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Hiller makes quite the impression in playoff debut

by Eric Stephens
SAN JOSE -- Ever since the Anaheim Ducks arrived here for their first-round series against the San Jose Sharks, they tried to tell everyone that Jonas Hiller would have no problem handling the pressure of his first Stanley Cup Playoff game.

Looking like the seasoned veteran that he really is, Hiller couldn't have had a better postseason debut, and the No. 8 seed Ducks rode their hot goalie to a surprising 2-0, Game 1 victory against the top-seeded Sharks in front of a stunned sold-out crowd Thursday night at HP Pavilion.

In doing so, Anaheim snatched the home-ice advantage in the best-of-7 series that San Jose worked all season to obtain, winning the Presidents' Trophy with a franchise-record 53 wins and 117 points. Game 2 is Sunday in San Jose (10 p.m. VERSUS, CBC, RDS). But the Sharks were unable to solve the Swiss-born Hiller, who stopped 35 shots. There was a little luck involved as well as the second-year NHL goalie benefited from San Jose defensemen Christian Ehrhoff and Dan Boyle hitting the post in the decisive third period.

"He's been on his game for a while," Ducks captain Scott Niedermayer said. "We have a good feeling when he's in there. He made some big saves tonight."

Hiller said he felt no pressure in the days leading up to the game.            

"I actually felt all right," he said. "It's not my first playoff atmosphere even though it's a little different over here. But I felt like it was nothing special. I was just happy to get the start and be able to show what I'm capable of. I'm happy the way it went but I also know I've to keep going."

Usually it's Jean-Sebastien Giguere who has come up with the big performance for Anaheim in the postseason. But Hiller grabbed the net from the struggling Giguere down the stretch and starred during their 10-2-1 playoff push to end the regular season.

"He played very well again for us tonight," Niedermayer said. "I don't think we were surprised. He's a great goalie. Mentally, he knows how to prepare and be ready to roll."

Right from the start, Hiller looked as if he's been in the net for many years. Actually, the 27-year-old has, joining the Ducks in 2007 after spending four years in the Swiss National League A where he was named the best goalie twice and led HC Davos to two championships.

"With Jonas, it's a different situation," Ducks coach Randy Carlyle said. "He wasn't a raw rookie. He's played in some world championships and the Swiss League, and won championships. Those are not what you would say easy situations to play in. There is a lot of pressure that goes with that.

"He is a very calm guy. He doesn't get too high or too low."

With the win, Anaheim continued its late-season hot streak, having now won 11 of its last 14 games dating to March 18. A lot of that success has come on the road where the Ducks are now 8-0-2 in their last 10 games -- including the two wins at San Jose.

The Sharks were concerned, but not panicky, after the loss -- after all, they lost their opener to Calgary in the first round last year.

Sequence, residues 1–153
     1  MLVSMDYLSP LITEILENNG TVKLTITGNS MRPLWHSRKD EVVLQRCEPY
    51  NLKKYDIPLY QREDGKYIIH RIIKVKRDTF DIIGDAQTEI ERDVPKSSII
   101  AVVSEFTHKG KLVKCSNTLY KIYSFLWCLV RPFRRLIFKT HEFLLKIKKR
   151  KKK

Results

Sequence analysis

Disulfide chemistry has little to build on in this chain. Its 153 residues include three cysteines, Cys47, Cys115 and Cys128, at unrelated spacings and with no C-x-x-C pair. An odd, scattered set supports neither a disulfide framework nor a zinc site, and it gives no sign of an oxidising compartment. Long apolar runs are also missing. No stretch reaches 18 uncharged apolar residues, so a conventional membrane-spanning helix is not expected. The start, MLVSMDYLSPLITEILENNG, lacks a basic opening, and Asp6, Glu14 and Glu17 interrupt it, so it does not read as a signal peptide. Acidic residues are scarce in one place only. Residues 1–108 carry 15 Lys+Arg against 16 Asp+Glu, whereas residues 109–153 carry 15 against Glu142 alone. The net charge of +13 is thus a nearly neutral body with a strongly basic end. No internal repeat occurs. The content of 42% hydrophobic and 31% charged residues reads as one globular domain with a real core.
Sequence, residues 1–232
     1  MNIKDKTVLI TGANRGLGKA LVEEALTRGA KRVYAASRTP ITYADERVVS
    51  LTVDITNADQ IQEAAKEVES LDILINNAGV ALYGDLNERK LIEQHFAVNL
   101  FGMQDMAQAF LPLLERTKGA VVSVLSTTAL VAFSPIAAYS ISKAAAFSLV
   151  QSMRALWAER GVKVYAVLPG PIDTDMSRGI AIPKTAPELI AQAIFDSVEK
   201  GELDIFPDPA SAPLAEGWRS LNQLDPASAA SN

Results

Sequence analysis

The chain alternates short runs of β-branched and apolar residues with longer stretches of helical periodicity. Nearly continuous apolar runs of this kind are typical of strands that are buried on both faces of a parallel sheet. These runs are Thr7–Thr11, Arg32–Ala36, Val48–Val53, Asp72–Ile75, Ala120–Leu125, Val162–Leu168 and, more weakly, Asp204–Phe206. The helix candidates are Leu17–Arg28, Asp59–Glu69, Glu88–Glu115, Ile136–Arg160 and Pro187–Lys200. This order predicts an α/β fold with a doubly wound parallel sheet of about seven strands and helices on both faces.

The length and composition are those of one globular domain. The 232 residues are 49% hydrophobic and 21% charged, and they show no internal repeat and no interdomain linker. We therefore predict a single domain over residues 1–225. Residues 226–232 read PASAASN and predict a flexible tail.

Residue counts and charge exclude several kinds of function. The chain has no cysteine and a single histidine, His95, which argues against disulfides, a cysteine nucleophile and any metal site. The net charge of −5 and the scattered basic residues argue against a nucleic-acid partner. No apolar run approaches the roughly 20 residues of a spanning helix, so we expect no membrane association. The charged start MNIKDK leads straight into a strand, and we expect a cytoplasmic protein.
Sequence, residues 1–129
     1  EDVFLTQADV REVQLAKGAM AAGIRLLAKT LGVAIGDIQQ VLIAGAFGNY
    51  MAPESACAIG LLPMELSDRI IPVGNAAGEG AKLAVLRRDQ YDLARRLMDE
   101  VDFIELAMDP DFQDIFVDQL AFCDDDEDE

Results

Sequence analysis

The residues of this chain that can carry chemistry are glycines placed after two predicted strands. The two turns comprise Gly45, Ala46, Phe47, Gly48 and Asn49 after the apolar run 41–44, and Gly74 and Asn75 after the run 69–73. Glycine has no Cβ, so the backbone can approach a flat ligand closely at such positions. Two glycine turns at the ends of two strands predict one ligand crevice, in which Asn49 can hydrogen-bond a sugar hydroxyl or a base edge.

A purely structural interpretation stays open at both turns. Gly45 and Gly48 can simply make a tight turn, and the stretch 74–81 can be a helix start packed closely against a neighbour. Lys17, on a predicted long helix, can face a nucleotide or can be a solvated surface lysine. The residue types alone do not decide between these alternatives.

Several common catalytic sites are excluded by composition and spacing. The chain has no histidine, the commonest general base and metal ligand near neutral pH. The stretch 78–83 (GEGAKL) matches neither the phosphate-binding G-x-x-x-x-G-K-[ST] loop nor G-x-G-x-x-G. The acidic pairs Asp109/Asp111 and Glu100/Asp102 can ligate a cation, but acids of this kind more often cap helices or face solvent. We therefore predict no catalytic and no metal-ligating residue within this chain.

"I don't feel distraught," Sharks coach Todd McLellan said after the first all-California Stanley Cup game since the Oakland Seals and Los Angeles Kings met in 1969. "We played a pretty good game. We have to get in the goalie's face a little more. This series isn't over by any means."

Having spent three-plus seasons with the Ducks before being dealt at the trade deadline, Sharks winger Travis Moen wasn't surprised at Hiller's performance.

"Hillsy's a good goalie," Moen said. "He played well for them tonight. I knew he'd come up with a strong performance, for sure."

Locked in a scoreless duel that stretched into the third, Anaheim gave Hiller the edge he needed with help from its special teams.
After Teemu Selanne drew a tripping penalty on San Jose winger Jonathan Cheechoo, Niedermayer converted 58 seconds into the man advantage when he got a nice cross-ice feed from Ryan Getzlaf and one-timed a shot between the pads of the sliding Sharks goalie Evgeni Nabokov.

All three of Niedermayer's goals in the Ducks' 2007 Stanley Cup run either tied or won games, earning him the Conn Smythe Trophy as the most valuable player in the playoffs.

"Nothing surprises me about what Scotty does," Getzlaf said. "Scotty's proven it for many years. He's a winner wherever he's been. He's a leader. He's the guy we're going to look to for those big goals and big defensive plays as well."

Getzlaf wrapped up a big win for the Ducks with 2:25 remaining when he whistled in a 30-foot wrist shot just under the crossbar past Nabokov after jumping on a turnover by Sharks defenseman Marc-Edouard Vlasic in the neutral zone.

Niedermayer said the Ducks didn't gain any huge advantage in the series by taking Game 1.

"It's the only one we can get tonight," he said. "That's what we wanted to do and we did. But there's a long way to go. We know the next game's going to be even tougher. We have a couple of days to prepare and rest up so we can be fresh and ready to go again. We still have a lot of work to do."
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